Part of the problem is that -- despite the world-saving rhetoric that typically promotes and supports plastic bag bans -- plastic bags simply aren't that big of a problem. According to the national data recorded by the EPA in 2013, the weight of single-use plastic shopping bags amounted to around 0.28 percent of the total municipal solid waste that Americans generate. ...

Among the main environmental benefits of Austin's ban was supposed to be a reduction in the amount of energy and raw materials used to manufacture the bags. To that end, the city encouraged residents to instead use reusable bags. Those bags have larger carbon footprints, due to the greater energy required to produce their stronger plastics...

What the city didn't foresee is that residents would start treating reusable bags like single-use bags. The volume of reusable plastic bags now turning up at the city's recycling centers has become "nearly equivalent to the amount of all of the single use bags removed from the recycling stream as a result of the ordinance implemented in 2013," according to the assessment. And those lightly used bags are landfill-bound, because recycling isn't any more cost-effective for reusable plastic bags than the single-use variety.

Some of these issues could be addressed through the increased use of reusable canvas bags. But canvas is even more carbon intensive to produce than plastic; studies suggest consumers would need to use a single canvas bag around 130 times before they start achieving any net environmental benefit as compared with a single-use plastic bag.
--Adam Minter, BloombergView, on the case for keeping the single-use plastic bag alive. HT: OM

Friday, August 21, 2015

The oxymoronic nature of commencement speeches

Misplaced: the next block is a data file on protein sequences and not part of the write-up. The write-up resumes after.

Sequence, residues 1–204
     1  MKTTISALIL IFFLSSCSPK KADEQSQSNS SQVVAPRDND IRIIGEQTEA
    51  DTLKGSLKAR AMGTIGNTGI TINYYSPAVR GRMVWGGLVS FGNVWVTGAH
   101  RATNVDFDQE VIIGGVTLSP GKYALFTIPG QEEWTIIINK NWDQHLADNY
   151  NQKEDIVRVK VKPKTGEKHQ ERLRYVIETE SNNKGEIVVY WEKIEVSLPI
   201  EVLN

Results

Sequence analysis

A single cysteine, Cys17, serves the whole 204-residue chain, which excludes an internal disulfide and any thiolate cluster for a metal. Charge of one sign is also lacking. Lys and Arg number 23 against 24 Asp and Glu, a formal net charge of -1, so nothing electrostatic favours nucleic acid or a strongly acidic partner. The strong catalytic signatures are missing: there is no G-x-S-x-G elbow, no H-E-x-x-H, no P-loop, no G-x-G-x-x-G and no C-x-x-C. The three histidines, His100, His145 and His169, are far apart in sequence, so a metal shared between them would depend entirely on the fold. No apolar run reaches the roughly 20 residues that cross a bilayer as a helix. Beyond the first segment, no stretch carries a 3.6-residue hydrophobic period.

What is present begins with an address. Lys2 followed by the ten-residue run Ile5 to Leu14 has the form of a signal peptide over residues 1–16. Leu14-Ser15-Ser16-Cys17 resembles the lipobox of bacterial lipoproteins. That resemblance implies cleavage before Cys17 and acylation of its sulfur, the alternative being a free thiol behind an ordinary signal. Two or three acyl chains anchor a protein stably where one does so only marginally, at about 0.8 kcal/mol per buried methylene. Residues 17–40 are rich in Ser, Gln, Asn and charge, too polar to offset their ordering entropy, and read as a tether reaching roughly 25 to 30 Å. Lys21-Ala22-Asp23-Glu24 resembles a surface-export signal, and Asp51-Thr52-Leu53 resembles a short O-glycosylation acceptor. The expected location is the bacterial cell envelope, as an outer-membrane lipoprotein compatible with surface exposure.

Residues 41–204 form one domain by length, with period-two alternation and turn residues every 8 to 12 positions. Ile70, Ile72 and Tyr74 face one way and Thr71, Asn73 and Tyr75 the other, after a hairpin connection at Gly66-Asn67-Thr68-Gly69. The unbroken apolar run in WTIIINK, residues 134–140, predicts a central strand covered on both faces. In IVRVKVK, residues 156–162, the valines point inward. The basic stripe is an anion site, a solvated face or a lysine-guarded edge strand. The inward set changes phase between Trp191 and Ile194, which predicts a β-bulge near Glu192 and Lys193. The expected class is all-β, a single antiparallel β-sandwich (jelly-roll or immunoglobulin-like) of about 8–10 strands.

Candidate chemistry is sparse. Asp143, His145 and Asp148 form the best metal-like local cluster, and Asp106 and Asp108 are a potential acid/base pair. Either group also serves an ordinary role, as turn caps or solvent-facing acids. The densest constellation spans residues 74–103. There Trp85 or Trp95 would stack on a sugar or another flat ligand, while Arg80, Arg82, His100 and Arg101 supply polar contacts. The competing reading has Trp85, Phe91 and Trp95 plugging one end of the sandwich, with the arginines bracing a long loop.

Dartmouth Class of 2015: It’s an honor to be at your tree stump. As your Commencement speaker, I have important responsibilities. Commencement speakers have to be skilled at pretentious verbiage and pompous but completely meaningless rhetoric. I think you made a smart move when you asked someone who normally teaches at Yale. ...

This may be your first college Commencement, but you probably know these addresses have a certain formula. The school asks a person who has achieved a certain level of career success to give you a speech telling you that career success is not important.

Then we’re supposed to give you a few minutes of completely garbage advice: Listen to your inner voice. Be true to yourself. Follow your passion. Your future is limitless.

First, my generation gives you a mountain of debt; then we give you career-derailing guidelines that will prevent you from ever paying it off.

I especially like all the Commencement addresses telling graduates how important it is to fail. These started a few years ago with a Steve Jobs address at Stanford built around the message. Well, failure is wonderful if you’re Steve Jobs. For most people, failure just stinks. Don’t fail.
--David Brooks to the Dartmouth class of 2015. HT: LY

Thursday, August 20, 2015

The 7 A.M. - 3 A.M. workday in Japan

At 3 a.m. on Monday morning, Eriko Fujita leaves the IBM offices in Tokyo. She rushes home to take a shower and get a few hours of sleep before she returns to her office at 7 a.m.

This is the hidden side of life at IBM Japan. For a period of eight months, Fujita, whose name has been changed to protect her anonymity, averages 18 to 20 hours of work per day, including Saturdays and Sundays. Her working hours are particularly demanding since she interfaces with programmers in different time zones, including those in the U.S.

“We don't have a 5 o’clock-and-get-out kind of culture,” she says with a shrug. While her schedule depends on the specific project, she says her typical workday lasts about 15 hours. ...

Fujita's situation is not uncommon in Japan, where overtime work has increased as firms cut workforces. About 22% of Japanese employees work 50 hours or more each week on average, well above 11% in the U.S., and 6% in Spain, according to the Organization for Economic Co-operation and Development. ...

In Fujita's case, the long hours became overwhelming. Eventually, she took a three-month leave of absence from IBM.

"I had a mental breakdown," she says. "I was working so hard and not sleeping well. Physically and mentally I got so tired... I was crying for no reason. I didn't know why my tears are coming out."
--Justine Underhill, Yahoo! Finance, on making Amazon's work culture look humane

Wednesday, August 19, 2015

The secret ingredient that makes high-end perfumes irresistible

So on Monday, when the temperature in Central Park tied a daily record of 95 degrees, we took a tour with a sommelier, Pascaline Lepeltier, the beverage director at Rouge Tomate in Manhattan; and a perfumer, CĂ©line Barel, who develops scents for major fragrance companies at International Flavors & Fragrances in Manhattan. ...